2011 for someone like me is like 2012 for everyone else. 2011 means the start of the 2012 presidential nominating season. I’m usually burnt out on the entire enterprise by the June preceding Election Day. I am well aware that few of my friends remember the short-lived campaigns of Tommy Thompson, Jim Gilmore, or Duncan Hunter for the Republican nomination in 2008. For me, I will never forget the quixotic campaign of Mike Gravel or the toe-in-the-water attempt at the Democratic nomination by Tom Vilsack in 2008 (he dropped out before the first debate in 2007!). In my world, the time has come to begin sizing up the potential contenders for the opportunity to challenge Obama for the Presidency. Pundits are predicting a later start on candidate announcements compared to the 2008 campaign, but I can’t wait any longer.
Here’s what you have to look forward to:
Mike Huckabee: The GOP loves to nominate their losers from the previous cycle, and Huckabee was the last man standing before McCain clinched the nomination 4 years ago. Marra and I heard him deliver his living room stump speech in an eco-friendly New Hampshire farmhouse, and he can be very engaging, very witty. His Fox News exposure should help his name recognition this go-round. His belief that Earth is only 6,000 years old might discourage independents, and people who can think. He put forth the fair tax as a key proposal in 2008. I am interested to see if he tries to ride the tax issue all the way to the nomination.
Ron Paul: Half Republican, half Libertarian, half cocked. A man who votes strictly according to his philosophies is admirable. A man who doesn’t vote according to reality is unelectable. I like him in the mix, though, because he does challenge conventional wisdom, something that is sometimes sorely lacking in GOP candidate “debates”.
Haley Barbour: Current Governor of Alabama and former head of Republican National Committee, poised to run as an outsider because he has a Southern accent. The vision of a white, heavyset male Southerner with a thick drawl running against a thin, black male from Chicago is too much for me to bear. The media would eat it up, and our fantasy of a post-racial world would disappear faster than Gore votes in a Palm County recount.
Tim Pawlenty: He was on the short list for VP in 2008 (you have to wonder how short that list was…). His book tour begins January 11th. Let’s see how that goes first. He is also known for taking principled positions, like refusing federal funds that could help the citizens of his state. So what if his constituents suffer for his political posturing? He’s a leader, but then again, so was the Pied Piper.
Sarah Palin: Don’t worry, I’m kidding. According to the recent polling data, only defenseless caribou want her to run.
Rick Santorum: This season’s Sam Brownback – looks good on TV, but then he starts talking. When I think of Santorum, the first thing that pops into my head are his views on bestiality, and that can’t be a good sign for his chances.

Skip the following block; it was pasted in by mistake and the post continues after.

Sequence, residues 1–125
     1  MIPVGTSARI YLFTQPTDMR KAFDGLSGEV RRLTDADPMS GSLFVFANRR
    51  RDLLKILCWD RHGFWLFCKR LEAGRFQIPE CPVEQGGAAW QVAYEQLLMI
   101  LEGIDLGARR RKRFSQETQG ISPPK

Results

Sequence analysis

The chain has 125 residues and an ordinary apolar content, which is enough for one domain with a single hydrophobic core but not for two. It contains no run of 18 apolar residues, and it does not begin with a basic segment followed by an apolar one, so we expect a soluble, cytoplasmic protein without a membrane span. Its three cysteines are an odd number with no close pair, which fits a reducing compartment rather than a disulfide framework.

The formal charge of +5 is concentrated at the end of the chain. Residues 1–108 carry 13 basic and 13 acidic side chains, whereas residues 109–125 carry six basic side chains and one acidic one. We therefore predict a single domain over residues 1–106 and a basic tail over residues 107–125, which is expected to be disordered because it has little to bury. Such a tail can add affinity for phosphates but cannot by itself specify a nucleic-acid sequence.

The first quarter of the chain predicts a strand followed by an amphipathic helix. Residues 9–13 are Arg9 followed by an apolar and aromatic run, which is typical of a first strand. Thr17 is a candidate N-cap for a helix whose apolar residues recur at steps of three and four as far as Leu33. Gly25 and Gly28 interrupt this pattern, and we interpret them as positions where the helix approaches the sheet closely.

Mitt Romney: Just because his hair doesn’t move when the wind blows doesn’t mean he is the heir apparent to Reagan. He has a major dilemma, since he signed an individual mandate for health insurance into law in Massachusetts, and that issue is sure to be a candidate litmus test in 2012. Perhaps he was for it before he was against it. He can afford to stick around, and hope the other candidates do something dumb, and given this group of names, that could be a winning strategy.
Chris Christie: He was President of the Student Council my senior year of college at Delaware. Anyone I went to college with cannot be President.
Jeb Bush: Don’t discount this guy making an appearance. Two term governor of a key electoral state (Florida); instant name recognition; access to a large group of well-heeled donors; good connections within Latino community; smarter than George. Given the fact that he would be surrounded by reality TV show characters, he’d look like the one adult in the room.
Newt Gingrich: His professorial tone will sink him, since the average voter wants to elect someone they could have a beer with. More voters would prefer to dump a beer over his head. His ex-wives will be offered a daytime show to compete with The View, and Newt will return to throwing stones from a comfortable distance. It is also easy to misspell his last name as Gingrinch, and that won’t help.
John Thune: He has a chance, simply because no one knows who he is, and he lives near Iowa, a critical state for anyone with a real interest in the Presidency. He’s tall, too. That’s important. Just ask Dennis Kucinich.
Mitch Daniels: The first time I saw this name, I thought it was a gag. Mitch Daniels sounded like the name of the Godfather in Old School (part played by Luke Wilson). After some exhaustive research, I discovered that the character’s name was Mitch Martin, not Daniels, but you get my point. Daniels, Indiana governor, combines the positive qualities of other candidates, like Thune (unknown), Bush (governor of key state), and Santorum (not ugly). Beyond that, he feels to me like the Evan Bayh of the GOP – good on paper, but that’s about it. VP option, and maybe that’s why his name is being floated.
I have left out lots of other possibilities – Pataki, Trump, Jindal, Pence, Giuliani, Condi and a yet unknown Tea Bagger-to-be-named-later. The only guarantee is that “Unopposed” will not appear on the ballot after Obama’s name in November 2012. We’ll take it slowly. After all, the Iowa Caucus is still one year away, and time NEVER flies. Besides, the first scheduled debate isn’t until THIS SPRING at the Reagan Library.
I wonder who will be the first candidate to recommend privatizing the library. Sarah is even money right now.